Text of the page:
What the Next Horizon Game can Learn from Prey

What the Next Horizon Game can Learn from Prey

What the Next Horizon Game can Learn from Prey

What the Next Horizon Game can Learn from Prey

Prey, the Predator prequel, is now available on Hulu. Naru (Amber Midthunder), the main character, encounters the Predator several times before they finally battle. Naru encounters the Predator in an open prairie. She learns that open space and its laser targeting system don’t make a good combination. She also sees the Predator moving through the trees and using its shield as both an offensive and defensive weapon. Another lesson teaches her about the Predator’s thermal vision and how it may be susceptible to distractions from above.

These scenes are used by Prey to set up a brilliant final confrontation in which Naru uses all she knows to attack Predator as efficiently as possible using her weapons. She is still in danger despite her preparations. While they might increase her chances of survival, the tension over whether she can survive is never gone. Her survival is not guaranteed because the Predator is bigger, faster and has more advanced weapons. I watched the movie in its Comanche Language dub again, which I highly recommend. I was excited to see how challenges and limitations create tension. I also began to think about how this could be integrated into the next Horizon video game.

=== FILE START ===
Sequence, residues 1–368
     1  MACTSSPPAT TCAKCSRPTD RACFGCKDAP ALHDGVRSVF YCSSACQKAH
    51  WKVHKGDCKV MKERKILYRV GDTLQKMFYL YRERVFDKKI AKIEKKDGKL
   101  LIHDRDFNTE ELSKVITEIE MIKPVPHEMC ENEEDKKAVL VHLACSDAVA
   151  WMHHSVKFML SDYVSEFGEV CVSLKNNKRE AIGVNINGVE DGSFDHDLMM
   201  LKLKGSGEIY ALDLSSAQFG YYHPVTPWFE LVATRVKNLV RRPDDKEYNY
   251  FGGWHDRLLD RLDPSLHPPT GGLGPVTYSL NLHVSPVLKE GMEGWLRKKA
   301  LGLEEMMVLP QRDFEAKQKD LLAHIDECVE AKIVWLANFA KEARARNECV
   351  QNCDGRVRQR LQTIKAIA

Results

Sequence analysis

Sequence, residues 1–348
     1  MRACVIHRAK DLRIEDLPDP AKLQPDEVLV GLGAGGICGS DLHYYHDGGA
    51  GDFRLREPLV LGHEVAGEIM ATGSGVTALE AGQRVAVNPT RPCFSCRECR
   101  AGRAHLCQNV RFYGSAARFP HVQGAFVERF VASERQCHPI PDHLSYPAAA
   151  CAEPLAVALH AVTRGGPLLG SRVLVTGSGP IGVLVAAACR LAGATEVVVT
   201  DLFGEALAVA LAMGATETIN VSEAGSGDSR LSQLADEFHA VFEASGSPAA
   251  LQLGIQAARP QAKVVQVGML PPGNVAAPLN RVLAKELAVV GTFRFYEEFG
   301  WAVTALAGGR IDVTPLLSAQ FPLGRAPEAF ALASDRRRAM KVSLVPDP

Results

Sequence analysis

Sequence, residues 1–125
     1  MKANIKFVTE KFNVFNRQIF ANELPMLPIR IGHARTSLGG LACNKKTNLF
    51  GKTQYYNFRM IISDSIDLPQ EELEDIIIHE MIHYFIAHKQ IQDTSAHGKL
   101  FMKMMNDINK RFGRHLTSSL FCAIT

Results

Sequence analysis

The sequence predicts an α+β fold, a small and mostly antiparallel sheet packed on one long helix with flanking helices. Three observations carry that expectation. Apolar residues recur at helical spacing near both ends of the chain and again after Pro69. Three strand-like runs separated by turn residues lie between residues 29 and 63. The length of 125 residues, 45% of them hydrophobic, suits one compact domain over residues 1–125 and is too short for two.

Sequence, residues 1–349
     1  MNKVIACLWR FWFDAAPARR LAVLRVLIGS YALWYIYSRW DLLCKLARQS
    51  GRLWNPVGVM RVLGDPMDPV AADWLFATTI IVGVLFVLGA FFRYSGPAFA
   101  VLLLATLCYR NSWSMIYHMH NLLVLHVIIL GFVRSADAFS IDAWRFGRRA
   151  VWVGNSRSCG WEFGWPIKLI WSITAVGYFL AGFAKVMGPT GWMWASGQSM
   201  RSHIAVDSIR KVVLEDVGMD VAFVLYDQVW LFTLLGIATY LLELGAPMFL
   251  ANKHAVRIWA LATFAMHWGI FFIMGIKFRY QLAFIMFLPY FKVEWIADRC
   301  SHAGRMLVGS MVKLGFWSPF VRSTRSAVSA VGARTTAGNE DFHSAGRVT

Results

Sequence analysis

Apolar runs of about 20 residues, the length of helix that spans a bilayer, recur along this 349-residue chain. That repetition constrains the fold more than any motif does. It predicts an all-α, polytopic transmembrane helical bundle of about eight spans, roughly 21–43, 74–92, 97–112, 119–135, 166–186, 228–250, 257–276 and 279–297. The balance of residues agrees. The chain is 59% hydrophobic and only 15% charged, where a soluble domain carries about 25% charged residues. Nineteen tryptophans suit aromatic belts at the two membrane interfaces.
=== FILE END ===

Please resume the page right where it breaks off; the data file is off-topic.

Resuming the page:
Horizon, like Prey, is set in the American West. The protagonist uses a bow-and-arrow to fight a technologically advanced enemy she is trying to defeat. Horizon and Prey have a lot in common, but the similarities don’t stop there. Aloy, the main character in Horizon Zero Dawn and Forbidden East, travels through forests and battles robot dinosaurs in mountains, deserts, valleys, and jungles. The changing environments provide a nice backdrop for encounters with the different types of machines that you will find. How you approach fighting a machine in the mountains or in the forest doesn’t make a difference.

Aloy’s amazing athleticism is a major reason. Aloy can jump, dodge, and roll easily, so evading attacks from even the most powerful enemies is easy. This, combined with the fact that Aloy has no stamina meters and can move equally fast in any environment, makes it easy to avoid the attack patterns of most machines. Aloy has access to a grappling hook and a glider, which adds another dimension to the gameplay. Players don’t need to worry about survival in an encounter because they can access various tools and abilities.

Aloy is powerful. To put it simply, she feels that way. The designers decided to allow the player as much control as possible. The cumulative effect of all this control is a flattening experience of moving through and fighting in different environments. After spending hundreds of hours playing Horizon 2, I cannot recount any stories about fighting a particular machine in an environment that made it memorable.